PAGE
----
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While there has been much focus by policymakers on environmental and economic sustainability in recent years, the idea of social sustainability is being left behind. When it comes to urban design and infrastructure provision, the ongoing focus by both policymakers and the infrastructure sector on mobility and the paid labour force means that segments of society are being left behind. Currently, much of our urban infrastructure excludes groups based on their age, race, class, gender and ability.
To drive truly inclusive design, break from traditional approaches and not repeat what’s already been done, a total shift in the paradigm on how cities are designed and managed is needed.
Through morning panel discussions and afternoon practical workshops, attendees will have the chance to examine infrastructure provision and engineering approaches to key issues such as:
Chair: Dr Ine Steenmans, UCL
Civil Engineering has always existed to meet social needs, whether that be the sewerage systems of the 19th century, energy grids or transport networks. In the 21st century we are grappling with an increasingly complex understanding of social needs, as will a diverse array of technologies that cross all scientific fields. This panel explores the relationship between the technological design of our cities and social justice outcomes
Chair: Neil Smith, Buro Happold
This event will examine what engineers are doing as a profession to deliver accessible cities and what do we mean by an accessible or an inclusive city. Our ageing society will have significant implications on our existing cities and fresh thinking is needed. Is the industry reacting to this in a positive manner and how can we marry the built environment with tech to develop a city ecosystem that is inclusive to all.
Chair: Amy Lamé , London Mayor’s Night Czar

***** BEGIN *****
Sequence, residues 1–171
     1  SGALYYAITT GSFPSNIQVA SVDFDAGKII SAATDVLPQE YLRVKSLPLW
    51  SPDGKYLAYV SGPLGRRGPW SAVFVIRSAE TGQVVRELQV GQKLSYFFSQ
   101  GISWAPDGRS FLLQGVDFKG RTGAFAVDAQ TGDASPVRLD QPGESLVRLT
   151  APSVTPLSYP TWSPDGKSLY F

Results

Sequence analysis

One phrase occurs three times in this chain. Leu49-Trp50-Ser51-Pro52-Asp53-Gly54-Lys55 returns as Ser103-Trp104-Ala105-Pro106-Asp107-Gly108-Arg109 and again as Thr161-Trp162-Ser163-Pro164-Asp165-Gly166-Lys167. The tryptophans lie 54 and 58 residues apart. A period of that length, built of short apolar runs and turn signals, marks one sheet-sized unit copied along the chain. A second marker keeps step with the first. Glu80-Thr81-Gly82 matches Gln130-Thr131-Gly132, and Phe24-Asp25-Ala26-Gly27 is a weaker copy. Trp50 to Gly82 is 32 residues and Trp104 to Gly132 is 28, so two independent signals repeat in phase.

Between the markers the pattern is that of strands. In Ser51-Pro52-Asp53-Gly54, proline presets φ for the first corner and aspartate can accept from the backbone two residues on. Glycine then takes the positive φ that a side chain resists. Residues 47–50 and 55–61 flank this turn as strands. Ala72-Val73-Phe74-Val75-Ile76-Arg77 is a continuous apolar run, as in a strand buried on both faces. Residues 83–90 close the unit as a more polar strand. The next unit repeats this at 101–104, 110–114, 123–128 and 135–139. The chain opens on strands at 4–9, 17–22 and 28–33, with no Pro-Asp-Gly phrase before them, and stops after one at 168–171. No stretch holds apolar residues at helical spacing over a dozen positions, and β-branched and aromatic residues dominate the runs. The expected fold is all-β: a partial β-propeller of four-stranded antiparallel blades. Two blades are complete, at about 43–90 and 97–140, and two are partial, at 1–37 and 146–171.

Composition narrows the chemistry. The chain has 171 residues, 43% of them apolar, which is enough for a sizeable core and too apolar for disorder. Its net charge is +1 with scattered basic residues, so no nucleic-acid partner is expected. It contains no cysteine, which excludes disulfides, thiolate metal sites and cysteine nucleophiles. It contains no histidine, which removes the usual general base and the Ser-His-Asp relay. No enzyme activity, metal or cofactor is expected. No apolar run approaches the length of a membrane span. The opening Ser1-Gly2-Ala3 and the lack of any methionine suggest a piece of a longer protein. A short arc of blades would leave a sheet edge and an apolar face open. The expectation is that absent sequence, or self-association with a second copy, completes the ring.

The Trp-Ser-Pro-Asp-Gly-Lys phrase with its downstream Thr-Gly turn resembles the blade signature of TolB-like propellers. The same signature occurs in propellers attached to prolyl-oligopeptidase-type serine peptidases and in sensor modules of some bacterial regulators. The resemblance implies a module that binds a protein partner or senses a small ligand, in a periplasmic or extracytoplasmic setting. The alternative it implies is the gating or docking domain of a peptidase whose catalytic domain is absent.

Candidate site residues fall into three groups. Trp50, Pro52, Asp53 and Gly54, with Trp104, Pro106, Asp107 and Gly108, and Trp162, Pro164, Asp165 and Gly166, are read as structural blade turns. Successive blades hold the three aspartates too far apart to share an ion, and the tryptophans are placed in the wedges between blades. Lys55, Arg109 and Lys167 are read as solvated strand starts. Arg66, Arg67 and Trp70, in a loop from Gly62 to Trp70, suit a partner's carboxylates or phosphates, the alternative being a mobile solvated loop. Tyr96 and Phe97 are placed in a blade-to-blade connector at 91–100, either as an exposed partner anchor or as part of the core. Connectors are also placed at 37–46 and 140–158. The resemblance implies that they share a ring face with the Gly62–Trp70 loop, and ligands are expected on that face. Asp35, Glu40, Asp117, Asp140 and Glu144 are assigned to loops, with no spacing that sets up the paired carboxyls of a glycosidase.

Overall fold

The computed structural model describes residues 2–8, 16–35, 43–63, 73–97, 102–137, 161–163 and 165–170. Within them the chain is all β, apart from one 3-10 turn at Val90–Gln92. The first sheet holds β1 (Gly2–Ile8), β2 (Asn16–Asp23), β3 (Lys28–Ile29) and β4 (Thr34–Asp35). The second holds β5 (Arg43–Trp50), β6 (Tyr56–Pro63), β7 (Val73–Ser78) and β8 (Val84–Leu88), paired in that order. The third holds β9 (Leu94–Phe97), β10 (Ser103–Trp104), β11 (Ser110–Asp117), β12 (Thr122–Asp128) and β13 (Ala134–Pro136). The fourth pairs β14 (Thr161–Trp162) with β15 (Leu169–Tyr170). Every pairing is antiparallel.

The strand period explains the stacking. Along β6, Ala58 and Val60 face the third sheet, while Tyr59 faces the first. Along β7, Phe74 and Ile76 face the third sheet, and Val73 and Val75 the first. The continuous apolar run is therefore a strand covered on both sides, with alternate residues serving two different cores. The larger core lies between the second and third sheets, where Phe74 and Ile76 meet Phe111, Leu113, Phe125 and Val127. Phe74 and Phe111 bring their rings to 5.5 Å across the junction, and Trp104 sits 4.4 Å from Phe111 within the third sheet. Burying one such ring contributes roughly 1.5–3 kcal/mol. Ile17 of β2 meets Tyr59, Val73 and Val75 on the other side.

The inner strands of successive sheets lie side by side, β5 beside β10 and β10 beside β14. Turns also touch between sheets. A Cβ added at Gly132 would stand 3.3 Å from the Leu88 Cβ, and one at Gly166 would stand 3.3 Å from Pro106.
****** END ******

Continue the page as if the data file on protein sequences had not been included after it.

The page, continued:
Increasingly cities governments across the world are shifting their urban strategies towards valuing, managing and visioning the 24hour city. Chaired by London’s Night Czar, Amy Lamé, this session will explore the special requirements of infrastructure systems after dark. We will hear from a specialist in the accessibility of night time venues, as well as the role of urban lighting and transport provision for night-time workers.
Chair: Ellie Cosgrave
We live in a hugely gendered society, where social roles and expectations drive differences in patterns of work and mobility as well as our perceptions of safety and security in the public realm. But are our infrastructure commissioning processes, design principles and standards equipped to interpret and include these gendered experiences? And is the engineering profession doing enough to ensure an inclusive workforce that can represent these needs effectively? This panel will explore how infrastructure is experienced by different genders, and how the lack of female representation in the industry may reinforce a male bias in design.
Dr John Bingham-Hall
Theatrum Mundi and Dr. Adesola Akinyele, DancingStrong
A workshop led by Adesola Akinleye as part of the joint City Leadership Lab / Theatrum Mundi research project Choreographing the City.
Engineering uses empirical measurements of time and space to make predictions about the way physical systems will work. But there are also other ways of describing these phenomena that are embedded in the practices of dance making. Choreographic thinking has the potential to offer a different approach, seeing space as a set of mobile relationships and dividing time into rhythms rather than stable units of measurement.
In this workshop, Adesola will explore how somatic-thinking (Choreographic thinking) has the potential to challenge habitually used empirical measurements and therefore offers a different approach to envisioning the design of spaces. Using the architecture of the Institution of Civil Engineers as a study site, the session will explore how to analyse a building via the movement theories that draw on her experience as a dancer. Participatory reflective debate will explore implications on cross-cultural/specialist ideals, how we approach the physicality of urban spaces, and new design horizons.
Dr Jasmine Pradisitto, Quantum Artist
From one of the most watched TED talks ever by Sir Ken Robinson to a recent NASA research on the nature of genius, it is creativity and divergent thinking which leads to innovation; things that children do quite naturally and which are practiced by everyone from scientists to artists. Yet as we specialise in our chosen fields, we can sometimes forget how necessary it is to take risks, to allow fluency in our ideas not converging on the first solution, and to access our life experiences in finding the connections that can help us solve old problems in new ways.